Liberal Arts Blog — Teaching Kids How to Teach Science

Liberal Arts Blog — Wednesday is the Joy of Science, Engineering, and Technology Day

Today’s Topic — Teaching Kids How to Teach Science

The best way to teach kids how to learn is to teach them how to teach for the very simple reason that the best way to learn something is to have to teach it. The best test of understanding is the ability to teach it to someone else. So how to teach kids to teach science in particular? You must model it. You teach by example. You learn by example. Well, how do you do that? Today, a few thoughts. Experts — please chime in. Correct, elaborate, elucidate.

POSE AN INTRIGUING QUESTION AND HAVE THE STUDENTS PUZZLE OVER IT FOR A WHILE

1. My favorite case study: it’s a half moon outside. How long before the next full moon?

2. What is the most intriguing question you ever puzzled over in science class at any level?

3. What is the most successful question you ever asked as a science teacher?

NB: Should the top priority of science educators be figuring out what the best such questions are?

GIVE CLUES IF THE STUDENTS STRUGGLE — DON’T GIVE AWAY THE ANSWER UNLESS YOU ABSOLUTELY HAVE TO

1. The half moon question clue: the clock metaphor for the lunar cycle. At 12 the moon is full. What does it look like at 6?

2. Can you think of a comparable example from your experience as a student?

3. From your experience as a teacher?

NB: Should not the best such clues be common knowledge to all elementary, middle, high school, and college science teachers?

CONTINUITY IS KEY TO DEPTH OF THOUGHT AND UNDERSTANDING

1. Courses should not be string of random wows. The half moon story, for example, should be linked to the idea of the importance of keeping a journal related to any topic of interest — eg. the moon, or the night sky, or celestial objects in general. A journal to be kept for life.

2. Leading to more intriguing questions like: when is the moon shaped like a D instead of a C? or when can you see the moon during the day and when not?

3. What sequence of questions makes the most sense? What works best? It makes sense to crowd source the best such sequences so that the maximum number of students get to the joy of science as expeditiously as possible.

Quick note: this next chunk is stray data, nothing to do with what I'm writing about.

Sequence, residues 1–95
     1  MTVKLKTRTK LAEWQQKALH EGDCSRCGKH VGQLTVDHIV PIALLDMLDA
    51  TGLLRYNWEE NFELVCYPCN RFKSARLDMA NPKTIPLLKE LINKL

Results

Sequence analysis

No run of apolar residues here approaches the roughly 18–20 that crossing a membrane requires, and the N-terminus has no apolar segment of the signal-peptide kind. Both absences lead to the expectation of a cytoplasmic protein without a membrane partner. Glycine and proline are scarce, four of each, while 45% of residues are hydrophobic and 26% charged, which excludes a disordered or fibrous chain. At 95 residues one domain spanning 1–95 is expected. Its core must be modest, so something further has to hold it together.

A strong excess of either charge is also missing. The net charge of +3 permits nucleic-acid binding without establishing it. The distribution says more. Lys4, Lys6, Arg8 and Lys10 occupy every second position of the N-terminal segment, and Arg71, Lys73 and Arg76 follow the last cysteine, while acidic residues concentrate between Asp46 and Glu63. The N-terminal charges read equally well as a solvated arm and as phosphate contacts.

NB: What could be a better life time habit than the keeping of a moon-sun- planet-and-stars journal? Would there be a better way to teach children the joy of science at home or in school? Would there be a better science book worth writing than one that explained simply, step by step, how to do this most effectively? A little plea to those better qualified than I.

FOOTNOTES — expectations, ages, bell curves, shyness

1. What are reasonable expectations for the ability of students to teach other students at different ages?

2. What about shy students?

3. My experience: the lower the expectations, the lower the performance. But, honestly, my experience is quite limited. Thoughts?

Images above: Einstein, Archimedes, Galileo. The history of science is the history of questions, experiments, and answers. Wouldn’t the best history of science book ever present a ranking by teachability with beautiful and beautifully sequenced illustrations with the number of steps per topic minimized? Might economy be the best measure of beauty?

A LINK TO THE LAST FOUR YEARS OF POSTS ORGANIZED BY THEME:

PDF with headlines — Google Drive

ATTACHMENTS BELOW:

#1 A graphic guide to justice (9 metaphors on one page).

#2 “39 Songs, Prayers, and Poems: the Keys to the Hearts of Seven Billion People” — Adams House Senior Common Room Presentation, 11/17/20

YOUR TURN

Please share the coolest thing you learned this week related to science, engineering, or technology. Or, even better, the coolest or most important thing you learned in your life related to science and engineering.

This is your chance to make someone else’s day. Or to cement in your mind something that you might otherwise forget. Or to think more deeply about something dear to your heart. Continuity is key to depth of thought.

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